The word liturgy refers to the organized, public worship of the Christian church. The word itself comes from the Greek leitourgia, meaning a service performed for the community by a wealthy benefactor - in this case, the sacrifice offered to God the Father by our Lord and Savior, Jesus Christ.
The word rite is used to designate a particular arrangement of divine services, and the words, actions and theology that accompany them. Thus, the organized worship of much of the Catholic Church follows the Roman Rite - historically, the liturgy of the city of Rome and its patriarch-bishop, the Pope. Of equal dignity with the Roman Rite are the various Eastern Rites, derived from liturgies of the ancient cities of Constantinople, Antioch, Alexandria and Jerusalem. These liturgies are used by both the Catholic Church and the various Orthodox churches. The widest-spread and most commonly used of the Eastern Rites is the Byzantine Rite, the liturgy of Constantinople.
These pages describe the liturgies of the Byzantine Rite as performed in the Byzantine Catholic Church, which came to the United States of America with Ruthenian or Rusyn immigrants from the Carpathian mountain region of Europe. (See History of Ruthenian Liturgy.) Much of what is described here also applies to the various Greek, Russian and Ukrainian Orthodox churches and their services.
The Cycles of the Liturgy
Christian worship is the Act by which the created universe - all things visible and invisible - is presented to God in praise and thanksgiving, and receives back in turn "all good things". This worship is an encounter with God the Father, mediated by the great High Priest, Jesus Christ, through the Holy Spirit. In this encounter, human beings discover both their true place in the universe, and their dignity as creatures made in the image of God -- and receive gifts to enable them to recapture the likeness to God lost in the Fall.
The liturgy takes place, first of all, in heaven, where Jesus Christ, Son of God and Lamb of God, stands before the throne, interceding on our behalf. In this heavenly liturgy the souls of the Just, and the angels of God in all their orders, take part. The Church "in pilgrimage" - that is, the body of Christian believers on earth - takes part as well, through the services established by Christ and his Apostles, and by their successors the bishops. This earthly liturgy, around the world and throughout time, is one way in which we are brought in contact with heaven.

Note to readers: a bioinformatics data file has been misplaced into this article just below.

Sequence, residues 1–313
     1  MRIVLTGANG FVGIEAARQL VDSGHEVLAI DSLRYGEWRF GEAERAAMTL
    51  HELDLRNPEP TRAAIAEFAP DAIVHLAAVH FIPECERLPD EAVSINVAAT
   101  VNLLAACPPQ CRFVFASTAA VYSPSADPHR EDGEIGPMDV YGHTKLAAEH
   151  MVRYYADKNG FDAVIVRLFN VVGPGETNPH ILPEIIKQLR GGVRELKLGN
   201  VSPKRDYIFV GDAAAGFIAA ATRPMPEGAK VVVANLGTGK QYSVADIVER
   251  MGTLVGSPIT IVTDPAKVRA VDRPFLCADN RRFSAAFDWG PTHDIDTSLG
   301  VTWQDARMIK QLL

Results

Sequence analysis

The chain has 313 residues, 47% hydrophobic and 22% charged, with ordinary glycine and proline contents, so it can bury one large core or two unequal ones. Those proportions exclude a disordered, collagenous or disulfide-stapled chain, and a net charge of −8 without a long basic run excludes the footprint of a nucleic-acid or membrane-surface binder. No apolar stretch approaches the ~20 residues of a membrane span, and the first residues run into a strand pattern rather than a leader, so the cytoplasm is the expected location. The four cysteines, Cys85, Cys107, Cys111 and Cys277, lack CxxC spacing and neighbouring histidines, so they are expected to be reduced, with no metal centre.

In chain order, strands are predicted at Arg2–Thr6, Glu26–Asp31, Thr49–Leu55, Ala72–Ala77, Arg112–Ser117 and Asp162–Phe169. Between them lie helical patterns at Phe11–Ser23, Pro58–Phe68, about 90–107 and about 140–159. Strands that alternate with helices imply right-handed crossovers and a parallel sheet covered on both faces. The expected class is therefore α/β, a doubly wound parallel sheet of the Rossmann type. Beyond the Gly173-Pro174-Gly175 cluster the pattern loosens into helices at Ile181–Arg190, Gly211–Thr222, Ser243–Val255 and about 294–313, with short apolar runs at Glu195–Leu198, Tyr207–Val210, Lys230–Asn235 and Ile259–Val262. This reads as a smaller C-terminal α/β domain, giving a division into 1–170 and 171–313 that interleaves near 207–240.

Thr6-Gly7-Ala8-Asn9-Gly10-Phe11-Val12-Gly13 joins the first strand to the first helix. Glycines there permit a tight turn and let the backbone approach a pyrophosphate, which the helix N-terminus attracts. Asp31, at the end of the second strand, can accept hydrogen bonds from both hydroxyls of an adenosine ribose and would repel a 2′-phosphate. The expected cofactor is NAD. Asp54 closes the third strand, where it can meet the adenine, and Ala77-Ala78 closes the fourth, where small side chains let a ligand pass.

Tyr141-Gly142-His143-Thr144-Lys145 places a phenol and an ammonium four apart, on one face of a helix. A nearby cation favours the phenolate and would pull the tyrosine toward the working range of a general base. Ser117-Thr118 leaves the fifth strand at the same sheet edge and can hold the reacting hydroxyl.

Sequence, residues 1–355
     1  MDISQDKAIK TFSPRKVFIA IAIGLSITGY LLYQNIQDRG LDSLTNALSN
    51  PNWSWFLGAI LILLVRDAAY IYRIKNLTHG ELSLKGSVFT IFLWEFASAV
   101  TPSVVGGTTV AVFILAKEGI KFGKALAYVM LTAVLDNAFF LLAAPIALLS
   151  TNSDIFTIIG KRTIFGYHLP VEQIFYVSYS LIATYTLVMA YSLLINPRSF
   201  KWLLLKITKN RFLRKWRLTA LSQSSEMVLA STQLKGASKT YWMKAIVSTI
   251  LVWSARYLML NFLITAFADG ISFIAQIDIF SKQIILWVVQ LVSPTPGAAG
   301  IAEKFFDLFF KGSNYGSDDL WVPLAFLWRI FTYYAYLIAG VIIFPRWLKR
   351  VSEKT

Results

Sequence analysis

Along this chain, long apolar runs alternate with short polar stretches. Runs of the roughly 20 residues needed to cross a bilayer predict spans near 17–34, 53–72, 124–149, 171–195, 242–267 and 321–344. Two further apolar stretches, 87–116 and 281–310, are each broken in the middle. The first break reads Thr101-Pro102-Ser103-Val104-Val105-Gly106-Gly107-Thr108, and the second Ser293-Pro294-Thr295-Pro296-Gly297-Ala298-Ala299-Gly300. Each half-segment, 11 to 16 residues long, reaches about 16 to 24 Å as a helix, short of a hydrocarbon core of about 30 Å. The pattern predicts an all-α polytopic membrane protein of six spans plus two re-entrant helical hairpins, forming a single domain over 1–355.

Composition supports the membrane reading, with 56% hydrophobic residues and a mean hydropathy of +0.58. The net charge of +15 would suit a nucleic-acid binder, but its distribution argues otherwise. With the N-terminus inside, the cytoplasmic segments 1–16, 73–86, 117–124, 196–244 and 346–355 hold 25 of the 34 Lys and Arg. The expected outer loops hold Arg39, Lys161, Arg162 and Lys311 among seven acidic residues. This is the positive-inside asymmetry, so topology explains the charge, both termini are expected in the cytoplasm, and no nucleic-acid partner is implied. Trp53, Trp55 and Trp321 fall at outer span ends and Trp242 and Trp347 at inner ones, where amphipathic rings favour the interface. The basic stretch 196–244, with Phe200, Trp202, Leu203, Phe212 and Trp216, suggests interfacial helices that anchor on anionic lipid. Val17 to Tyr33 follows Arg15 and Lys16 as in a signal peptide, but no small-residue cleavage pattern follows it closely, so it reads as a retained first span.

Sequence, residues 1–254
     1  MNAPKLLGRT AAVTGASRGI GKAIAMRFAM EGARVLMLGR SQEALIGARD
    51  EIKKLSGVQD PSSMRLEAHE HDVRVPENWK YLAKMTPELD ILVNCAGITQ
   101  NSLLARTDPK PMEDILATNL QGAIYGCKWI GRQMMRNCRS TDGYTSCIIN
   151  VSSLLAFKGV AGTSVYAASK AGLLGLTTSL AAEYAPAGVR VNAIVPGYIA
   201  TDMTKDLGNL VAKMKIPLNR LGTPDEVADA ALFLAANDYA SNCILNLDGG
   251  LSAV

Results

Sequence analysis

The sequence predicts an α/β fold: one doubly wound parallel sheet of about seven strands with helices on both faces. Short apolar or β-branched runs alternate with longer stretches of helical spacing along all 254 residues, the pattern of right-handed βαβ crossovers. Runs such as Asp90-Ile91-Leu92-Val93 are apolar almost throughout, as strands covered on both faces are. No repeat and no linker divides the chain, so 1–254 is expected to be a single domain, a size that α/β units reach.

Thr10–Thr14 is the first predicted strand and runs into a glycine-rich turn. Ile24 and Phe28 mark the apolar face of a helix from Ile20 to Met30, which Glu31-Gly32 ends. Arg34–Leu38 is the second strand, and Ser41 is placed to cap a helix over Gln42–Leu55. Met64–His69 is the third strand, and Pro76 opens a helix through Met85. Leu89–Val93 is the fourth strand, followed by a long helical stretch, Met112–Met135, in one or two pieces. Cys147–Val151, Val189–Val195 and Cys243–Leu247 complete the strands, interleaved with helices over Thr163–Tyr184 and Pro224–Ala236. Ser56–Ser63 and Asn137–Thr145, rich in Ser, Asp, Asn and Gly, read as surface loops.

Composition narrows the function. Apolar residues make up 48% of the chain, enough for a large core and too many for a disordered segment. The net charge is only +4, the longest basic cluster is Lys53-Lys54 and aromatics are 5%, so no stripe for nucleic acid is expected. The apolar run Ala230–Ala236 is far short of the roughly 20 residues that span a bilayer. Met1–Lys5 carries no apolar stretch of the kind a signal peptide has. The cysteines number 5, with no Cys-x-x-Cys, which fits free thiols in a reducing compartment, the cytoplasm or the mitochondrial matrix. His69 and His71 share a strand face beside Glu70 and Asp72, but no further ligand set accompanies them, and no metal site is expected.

In the Byzantine Rite, each Christian encounters the heavenly/earthly worship in a series of cycles, in which timeless realities and timebound lives cross paths:
- The daily cycle of services, as celebrated in cathedral, parish church and monastic chapel;
- The weekly cycle of commemorations, in which each day of the week is dedicated to a particular mystery, event or personage in salvation history;
- The 8-week cycle of tones, a set of hymns and prayers repeating every eight weeks through the year ;
- The liturgical year, the annual cycle of feasts and fasts, in which the Church commemorates the great events of salvation history, and honors the saints and martyrs of each age; and
- The life of each individual Christian, in which the Christian is made an adopted child of God, obtains forgiveness of sins, receives blessings for lifetime vocations, intercedes for the living and the dead, and finally, dies and is accompanied to the grave by the prayers of the Church.
These pages describe the prayers and services used in the Byzantine Rite for all the services connected with these events and commemorations.
Elements of the Liturgy
Christian liturgy consists of words (but not mere words, since Christ himself is the Word of God, the Word by which the world itself was created), the actions accompanying these words, and the chant whereby these words are sung. As rational creatures, human beings are privileged to make use of these elements of the liturgy, bequeathed to the Church as part of Holy Tradition. The liturgy is most effective when Christians not only pray, but understand the prayers and services themselves.
The services of the Byzantine Rite are found in its liturgical books, whether in Greek, Church Slavonic, English, or other languages.
for Life: Part Two, The Mystery Celebrated.
(Pittsburgh: God With Us Publications, 1996).
An excellent introduction to Byzantine liturgy. This is the second volume of a widely-used Byzantine Catholic catechism.
- Mother Mary and Archimandrite Kallistos Ware. The Festal Menaion. (South Canaan, Pennsylvania: St. Tikhon's Seminary Press, 1969). Contains essays on liturgy in the Christian East, an explanation of the liturgical cycles, and a summary of the elements of the liturgy.